Rafael Nadal saved his best until last as he demolished Dominic Thiem to seal his 11th French Open title.
The 32-year-old continued his extraordinary domination at Roland Garros with a ruthless 6-4 6-3 6-2 victory.
Seventh seed Thiem is the only player to have beaten Nadal on clay in the past two years, and he claimed he had a plan to thwart the Spaniard in Paris.
But once a competitive first set went the way of the world number one, the plan became damage limitation and Nadal’s ‘undecima’ never looked in any doubt.
In fact the only thing to trouble Nadal unduly was a tightening up of his arm midway through the third set.
“I had to be very aggressive, he’s a very difficult opponent,” said Nadal.
“I had a tough moment in the third set when I had a little bit of cramp. I was a little bit scared. But that is sport. It was very humid and he pushed me to the limit.
“I’m very happy to win the tournament. Dominic is a good friend, but I played my best match today, in the final.”
If Thiem is, as he is widely regarded, the second best clay-court player in the world then he probably has a few more of these pummellings to look forward to at least until Nadal finally calls it a day.
Nadal’s incredible record in Paris now reads 86 wins and two defeats. He has won every final he has reached, and in those 11 showpieces he has dropped just six sets.
Nadal is now level with Margaret Court for the record of the most titles at a single grand slam, while his total of 17 overall brings him closer to Roger Federer’s 23.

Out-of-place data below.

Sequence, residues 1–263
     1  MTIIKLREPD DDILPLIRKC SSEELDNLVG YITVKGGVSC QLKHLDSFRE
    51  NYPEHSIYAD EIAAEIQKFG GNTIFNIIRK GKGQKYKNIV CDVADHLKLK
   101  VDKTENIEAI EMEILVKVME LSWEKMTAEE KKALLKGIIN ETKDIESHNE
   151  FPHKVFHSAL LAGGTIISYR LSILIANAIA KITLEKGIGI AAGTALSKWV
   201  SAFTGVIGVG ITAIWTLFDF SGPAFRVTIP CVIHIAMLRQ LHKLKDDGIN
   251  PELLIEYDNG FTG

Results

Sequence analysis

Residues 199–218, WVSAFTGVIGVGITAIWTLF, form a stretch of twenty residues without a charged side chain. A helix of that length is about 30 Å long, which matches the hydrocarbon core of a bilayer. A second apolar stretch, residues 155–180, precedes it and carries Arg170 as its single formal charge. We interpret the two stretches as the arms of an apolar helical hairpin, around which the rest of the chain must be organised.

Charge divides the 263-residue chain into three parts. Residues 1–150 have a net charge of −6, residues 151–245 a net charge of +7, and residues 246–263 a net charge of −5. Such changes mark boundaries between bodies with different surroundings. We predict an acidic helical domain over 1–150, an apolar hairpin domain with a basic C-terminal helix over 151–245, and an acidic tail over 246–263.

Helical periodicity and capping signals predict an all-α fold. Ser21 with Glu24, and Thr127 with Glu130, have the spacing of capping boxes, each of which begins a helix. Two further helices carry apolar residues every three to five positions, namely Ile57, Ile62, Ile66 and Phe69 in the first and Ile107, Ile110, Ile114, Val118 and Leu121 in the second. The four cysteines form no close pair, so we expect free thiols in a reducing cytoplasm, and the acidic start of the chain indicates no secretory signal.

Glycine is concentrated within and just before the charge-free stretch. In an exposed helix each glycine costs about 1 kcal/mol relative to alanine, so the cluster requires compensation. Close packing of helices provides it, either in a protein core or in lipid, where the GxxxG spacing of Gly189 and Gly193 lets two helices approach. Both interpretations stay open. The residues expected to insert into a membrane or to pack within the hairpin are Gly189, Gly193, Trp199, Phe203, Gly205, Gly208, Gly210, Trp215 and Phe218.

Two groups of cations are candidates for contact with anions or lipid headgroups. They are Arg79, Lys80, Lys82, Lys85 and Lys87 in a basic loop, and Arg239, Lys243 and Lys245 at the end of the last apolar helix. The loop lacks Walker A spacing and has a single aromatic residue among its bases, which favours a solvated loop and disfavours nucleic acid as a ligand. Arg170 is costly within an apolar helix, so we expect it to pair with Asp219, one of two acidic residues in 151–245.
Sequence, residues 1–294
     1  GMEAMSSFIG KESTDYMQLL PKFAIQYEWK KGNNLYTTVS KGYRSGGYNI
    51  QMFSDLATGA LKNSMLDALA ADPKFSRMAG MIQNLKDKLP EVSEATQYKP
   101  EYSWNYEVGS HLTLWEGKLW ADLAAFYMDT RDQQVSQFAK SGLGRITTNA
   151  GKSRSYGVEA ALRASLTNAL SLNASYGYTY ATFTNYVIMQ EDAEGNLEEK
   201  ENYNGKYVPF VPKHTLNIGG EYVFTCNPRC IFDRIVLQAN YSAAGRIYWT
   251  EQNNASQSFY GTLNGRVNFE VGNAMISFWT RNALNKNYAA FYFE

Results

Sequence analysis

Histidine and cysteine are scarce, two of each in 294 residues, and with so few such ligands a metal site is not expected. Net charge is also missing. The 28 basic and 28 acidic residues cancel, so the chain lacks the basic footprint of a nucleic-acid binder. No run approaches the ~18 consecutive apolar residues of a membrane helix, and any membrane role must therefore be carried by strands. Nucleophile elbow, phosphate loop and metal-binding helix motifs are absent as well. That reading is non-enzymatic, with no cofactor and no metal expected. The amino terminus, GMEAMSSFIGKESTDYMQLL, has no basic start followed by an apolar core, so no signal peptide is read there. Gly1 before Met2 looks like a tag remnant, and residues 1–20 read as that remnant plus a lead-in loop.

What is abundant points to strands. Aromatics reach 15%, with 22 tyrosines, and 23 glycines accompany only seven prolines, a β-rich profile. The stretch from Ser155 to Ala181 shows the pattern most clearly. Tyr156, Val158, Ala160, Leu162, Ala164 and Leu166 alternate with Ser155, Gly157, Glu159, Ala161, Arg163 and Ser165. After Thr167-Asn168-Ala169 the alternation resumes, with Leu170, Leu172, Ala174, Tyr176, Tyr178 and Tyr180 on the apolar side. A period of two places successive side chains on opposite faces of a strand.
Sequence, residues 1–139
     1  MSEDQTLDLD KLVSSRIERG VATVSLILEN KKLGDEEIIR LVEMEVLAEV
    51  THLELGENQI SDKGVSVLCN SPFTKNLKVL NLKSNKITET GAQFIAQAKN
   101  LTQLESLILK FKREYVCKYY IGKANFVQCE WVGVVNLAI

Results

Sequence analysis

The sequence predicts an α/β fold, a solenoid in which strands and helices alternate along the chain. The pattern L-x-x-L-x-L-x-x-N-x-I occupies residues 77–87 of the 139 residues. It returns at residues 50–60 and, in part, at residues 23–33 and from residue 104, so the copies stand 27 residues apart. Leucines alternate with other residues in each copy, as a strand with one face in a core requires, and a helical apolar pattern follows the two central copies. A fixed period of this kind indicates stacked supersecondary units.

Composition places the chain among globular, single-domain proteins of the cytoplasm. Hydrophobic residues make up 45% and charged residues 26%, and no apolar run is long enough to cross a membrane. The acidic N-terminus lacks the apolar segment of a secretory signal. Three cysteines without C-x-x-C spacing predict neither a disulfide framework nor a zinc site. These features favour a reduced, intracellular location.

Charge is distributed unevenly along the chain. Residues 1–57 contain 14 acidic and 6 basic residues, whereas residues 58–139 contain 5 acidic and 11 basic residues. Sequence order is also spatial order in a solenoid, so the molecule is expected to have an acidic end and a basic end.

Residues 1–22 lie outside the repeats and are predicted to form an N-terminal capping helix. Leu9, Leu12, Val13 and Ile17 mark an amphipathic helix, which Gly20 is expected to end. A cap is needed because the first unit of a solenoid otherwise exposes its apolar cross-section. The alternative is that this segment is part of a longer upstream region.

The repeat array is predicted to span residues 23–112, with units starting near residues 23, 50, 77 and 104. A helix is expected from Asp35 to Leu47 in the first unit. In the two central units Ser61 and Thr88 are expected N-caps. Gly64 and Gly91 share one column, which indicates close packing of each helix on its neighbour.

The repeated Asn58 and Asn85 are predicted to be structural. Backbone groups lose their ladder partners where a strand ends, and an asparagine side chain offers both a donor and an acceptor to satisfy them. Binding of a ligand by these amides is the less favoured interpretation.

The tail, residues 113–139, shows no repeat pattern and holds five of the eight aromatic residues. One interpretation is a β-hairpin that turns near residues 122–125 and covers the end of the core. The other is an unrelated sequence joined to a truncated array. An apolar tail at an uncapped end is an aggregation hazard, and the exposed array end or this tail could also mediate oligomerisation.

He is also assured of keeping his number one ranking for good measure.
As if the task was not daunting enough for Thiem, the early signs were even more ominous. The Austrian won just one of the first nine points as Nadal immediately broke for 2-0.
But Thiem, unusually standing up to Nadal’s first serve, forced two break points in the next game and converted the second with a flashing forehand into the right corner.
It was the only blow he landed all afternoon. At 4-5 Thiem’s serve let him down badly, handing Nadal three set points, and any hopes of an upset all but disappeared along with the ragged Thiem forehand which sailed way beyond the baseline.
Thiem used to hike through the Alps in his homeland as part of his training, but the 24-year-old had an even bigger mountain to climb now.
The only thing that could stop Nadal now was surely an injury. So there was mild concern when Nadal called for the trainer for treatment.
It made no difference as the punishment continued, with Thiem looking up to his coach and shrugging as another forehand whistled past him.
A break in the second set, two more in the third, and suddenly Nadal was in a familiar position, serving for the title.
When another Thiem forehand dropped long, Nadal’s arms were raised in celebration, and soon he was biting the trophy once again in his trademark pose.
A gracious Thiem said: “I can still remember being 11 when (Nadal) won here for the first time and I watched on the TV.
“So I never expected one day I would play the final, so I’m really happy. I loved the tournament. I hope that soon I will get a chance.”